Dick Harmon: Donny Osmond visits BYU spring practice, Jake Heaps
The Donny and Marie show at the Flamingo is the highest-percentage sellout act in Las Vegas, and it just finished performance No. 500.
I asked him what he would have chosen to do in life if he'd never sung a song or performed on stage.
"I'd want to be a BYU quarterback."
Osmond said his work is hard but if it wasn't still fun, he'd stop right now. Donny told Bronco Mendenhall when he was done singing and performing, he'd like a job with the team.
Mendenhall didn't know what to say. Donny got him.
As it stands, Donny Osmond is the best athlete in a very large family. He works out tirelessly with a personal trainer called The Hamster in Las Vegas. He is in tremendous shape, and if you see the show in Vegas, he puts on a grueling physical display, just like he did on "Dancing With the Stars" — a show that drew in the likes of Hall of Fame football players Emmitt Smith and Jerry Rice.
Marie always tells Donny, 'you're leaking,' because he sweats so much during the performance.
"I am a big fan of Brigham Young University," said Donny. "I stay busy but I watch them when I can. We had Bronco Mendenhall and his wife Holly and their kids to our show. We had them come back stage after the show and had a great time. This should be a great year for them and I wish them luck."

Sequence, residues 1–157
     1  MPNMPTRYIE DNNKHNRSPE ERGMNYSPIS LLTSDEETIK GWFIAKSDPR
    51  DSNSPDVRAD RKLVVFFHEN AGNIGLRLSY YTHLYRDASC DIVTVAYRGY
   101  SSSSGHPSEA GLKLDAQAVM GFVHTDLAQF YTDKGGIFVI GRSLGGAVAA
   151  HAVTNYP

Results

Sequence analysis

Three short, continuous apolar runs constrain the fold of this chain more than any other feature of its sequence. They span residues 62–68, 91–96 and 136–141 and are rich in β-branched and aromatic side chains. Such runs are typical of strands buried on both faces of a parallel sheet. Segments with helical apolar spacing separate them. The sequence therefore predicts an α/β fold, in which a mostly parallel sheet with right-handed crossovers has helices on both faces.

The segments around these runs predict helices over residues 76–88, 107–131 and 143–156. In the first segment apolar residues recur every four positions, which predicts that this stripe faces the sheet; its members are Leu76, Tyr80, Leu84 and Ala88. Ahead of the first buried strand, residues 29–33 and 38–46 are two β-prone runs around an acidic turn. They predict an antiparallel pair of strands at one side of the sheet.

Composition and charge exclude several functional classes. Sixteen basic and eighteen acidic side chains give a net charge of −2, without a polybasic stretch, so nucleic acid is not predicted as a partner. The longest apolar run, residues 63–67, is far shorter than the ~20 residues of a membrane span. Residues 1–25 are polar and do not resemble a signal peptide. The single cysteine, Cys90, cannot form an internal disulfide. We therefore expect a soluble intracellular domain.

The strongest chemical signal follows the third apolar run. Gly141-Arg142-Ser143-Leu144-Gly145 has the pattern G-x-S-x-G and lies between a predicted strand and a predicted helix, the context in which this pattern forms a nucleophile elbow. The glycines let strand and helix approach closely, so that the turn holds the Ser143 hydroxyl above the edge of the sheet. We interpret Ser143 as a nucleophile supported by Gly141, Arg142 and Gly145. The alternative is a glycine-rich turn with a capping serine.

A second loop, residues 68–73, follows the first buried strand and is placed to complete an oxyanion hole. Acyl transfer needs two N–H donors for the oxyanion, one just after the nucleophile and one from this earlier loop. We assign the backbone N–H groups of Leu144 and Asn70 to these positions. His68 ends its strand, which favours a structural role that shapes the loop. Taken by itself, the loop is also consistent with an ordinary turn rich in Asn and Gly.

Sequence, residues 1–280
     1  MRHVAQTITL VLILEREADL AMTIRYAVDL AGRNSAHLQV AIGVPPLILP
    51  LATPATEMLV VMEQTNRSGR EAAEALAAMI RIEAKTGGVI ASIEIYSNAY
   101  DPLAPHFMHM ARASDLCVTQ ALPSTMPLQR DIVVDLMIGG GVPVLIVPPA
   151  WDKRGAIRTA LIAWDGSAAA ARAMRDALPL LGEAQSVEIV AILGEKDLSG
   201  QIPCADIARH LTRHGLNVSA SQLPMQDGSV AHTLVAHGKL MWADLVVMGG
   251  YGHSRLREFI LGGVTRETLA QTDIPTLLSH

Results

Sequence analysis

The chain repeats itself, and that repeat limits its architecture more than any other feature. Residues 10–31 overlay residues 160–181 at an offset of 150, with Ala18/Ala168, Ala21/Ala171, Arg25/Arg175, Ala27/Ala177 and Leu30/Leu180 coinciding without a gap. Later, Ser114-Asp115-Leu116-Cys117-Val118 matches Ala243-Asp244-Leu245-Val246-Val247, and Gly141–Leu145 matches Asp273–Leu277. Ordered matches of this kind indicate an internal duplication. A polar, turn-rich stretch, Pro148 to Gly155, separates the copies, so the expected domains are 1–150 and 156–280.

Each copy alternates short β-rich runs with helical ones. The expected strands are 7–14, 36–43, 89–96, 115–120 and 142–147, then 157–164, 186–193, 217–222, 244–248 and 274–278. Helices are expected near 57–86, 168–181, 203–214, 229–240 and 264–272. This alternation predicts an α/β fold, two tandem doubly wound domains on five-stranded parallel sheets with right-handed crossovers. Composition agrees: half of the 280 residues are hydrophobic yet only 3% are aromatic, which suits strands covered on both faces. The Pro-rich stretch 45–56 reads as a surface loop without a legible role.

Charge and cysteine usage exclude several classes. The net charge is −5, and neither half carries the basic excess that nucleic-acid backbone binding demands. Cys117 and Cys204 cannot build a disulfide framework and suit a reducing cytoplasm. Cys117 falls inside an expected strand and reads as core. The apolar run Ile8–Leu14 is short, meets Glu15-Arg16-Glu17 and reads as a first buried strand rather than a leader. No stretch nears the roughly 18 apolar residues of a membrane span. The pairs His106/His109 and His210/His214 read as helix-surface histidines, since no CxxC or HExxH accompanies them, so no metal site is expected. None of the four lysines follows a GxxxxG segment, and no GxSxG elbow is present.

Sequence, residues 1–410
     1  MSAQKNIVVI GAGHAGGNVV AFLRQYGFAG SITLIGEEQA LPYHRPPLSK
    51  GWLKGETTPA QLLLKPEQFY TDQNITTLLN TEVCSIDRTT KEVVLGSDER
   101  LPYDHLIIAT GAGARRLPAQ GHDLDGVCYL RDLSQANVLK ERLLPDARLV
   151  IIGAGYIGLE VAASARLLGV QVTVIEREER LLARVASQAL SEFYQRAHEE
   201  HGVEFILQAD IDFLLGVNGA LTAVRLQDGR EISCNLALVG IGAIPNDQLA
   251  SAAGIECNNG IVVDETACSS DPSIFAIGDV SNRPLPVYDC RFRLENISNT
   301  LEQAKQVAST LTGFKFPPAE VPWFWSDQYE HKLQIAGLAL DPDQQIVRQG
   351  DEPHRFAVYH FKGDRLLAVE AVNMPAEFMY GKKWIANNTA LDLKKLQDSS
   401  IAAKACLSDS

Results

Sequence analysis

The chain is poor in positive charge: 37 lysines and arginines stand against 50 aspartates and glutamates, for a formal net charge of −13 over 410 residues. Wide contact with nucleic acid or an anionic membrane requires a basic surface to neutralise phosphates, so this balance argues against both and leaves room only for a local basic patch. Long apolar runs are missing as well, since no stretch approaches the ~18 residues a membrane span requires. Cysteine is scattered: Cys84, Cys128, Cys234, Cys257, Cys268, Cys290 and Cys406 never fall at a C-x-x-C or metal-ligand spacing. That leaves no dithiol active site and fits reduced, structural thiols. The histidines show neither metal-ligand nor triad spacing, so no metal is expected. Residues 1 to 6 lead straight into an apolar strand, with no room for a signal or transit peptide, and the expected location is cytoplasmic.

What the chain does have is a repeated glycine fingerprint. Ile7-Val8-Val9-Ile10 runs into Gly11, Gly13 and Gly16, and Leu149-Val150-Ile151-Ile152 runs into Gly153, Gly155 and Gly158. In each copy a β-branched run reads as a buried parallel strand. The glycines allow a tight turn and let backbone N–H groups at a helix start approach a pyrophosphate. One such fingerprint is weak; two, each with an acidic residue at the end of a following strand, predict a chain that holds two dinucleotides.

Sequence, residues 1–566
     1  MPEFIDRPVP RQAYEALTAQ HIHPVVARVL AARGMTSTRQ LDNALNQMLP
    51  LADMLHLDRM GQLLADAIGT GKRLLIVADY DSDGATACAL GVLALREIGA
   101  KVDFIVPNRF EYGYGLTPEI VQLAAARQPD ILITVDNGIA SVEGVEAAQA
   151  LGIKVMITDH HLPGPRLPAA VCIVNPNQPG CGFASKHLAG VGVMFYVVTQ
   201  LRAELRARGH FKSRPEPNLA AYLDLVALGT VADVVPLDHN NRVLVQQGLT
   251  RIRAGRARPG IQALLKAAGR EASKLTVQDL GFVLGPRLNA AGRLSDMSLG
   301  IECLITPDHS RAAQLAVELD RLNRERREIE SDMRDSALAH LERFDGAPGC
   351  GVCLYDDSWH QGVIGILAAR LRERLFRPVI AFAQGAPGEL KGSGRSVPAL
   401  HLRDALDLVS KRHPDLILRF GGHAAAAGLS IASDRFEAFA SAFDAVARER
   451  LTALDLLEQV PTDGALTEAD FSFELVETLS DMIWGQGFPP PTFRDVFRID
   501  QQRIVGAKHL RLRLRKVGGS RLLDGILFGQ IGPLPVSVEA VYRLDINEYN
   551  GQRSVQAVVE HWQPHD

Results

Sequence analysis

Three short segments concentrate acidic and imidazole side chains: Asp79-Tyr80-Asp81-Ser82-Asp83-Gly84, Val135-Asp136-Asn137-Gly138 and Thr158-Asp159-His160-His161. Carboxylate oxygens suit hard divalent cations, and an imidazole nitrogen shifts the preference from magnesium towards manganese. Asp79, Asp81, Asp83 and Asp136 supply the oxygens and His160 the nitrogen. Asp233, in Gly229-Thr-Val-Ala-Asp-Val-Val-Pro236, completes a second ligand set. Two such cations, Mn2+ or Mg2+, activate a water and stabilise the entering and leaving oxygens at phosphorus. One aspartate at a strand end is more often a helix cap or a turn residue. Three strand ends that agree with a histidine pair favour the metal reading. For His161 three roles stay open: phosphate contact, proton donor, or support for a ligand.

He said he records BYU games and watches them when his schedule allows.
"And, hello, excuse me, I'm a Jimmer fan," Osmond said. "I'm an official member of Jimmermania."
The surprise appearance Tuesday was a unique practice item. It did leave BYU players wondering what was up.
He departed almost as quickly as he arrived.
Osmond's example is something that does inspire folks — and always has. He is always on cue, cracking jokes, trying to make others laugh.
Performing. He can turn it on one minute and the next get deadly serious, talking about his son who is serving an LDS mission in the Netherlands.
Donny Osmond has generated millions of dollars over the years for several charitable organizations such as the Make-A-Wish Foundation, Best Buddies, The Children's Miracle Network, and The One Heart Foundation.
He is the author of The New York Times bestselling book "Life Is What You Make It", in which he revealed his battle with social phobia, a common but debilitating anxiety disorder that threatened not only his career, but his very life as well. He narrated the PBS documentary "Afraid of People?", bringing this little-known phobia to the public's attention.
To spontaneously show up at a college football practice and throw around a ball for a few minutes with Heaps? It was right in his wheelhouse.
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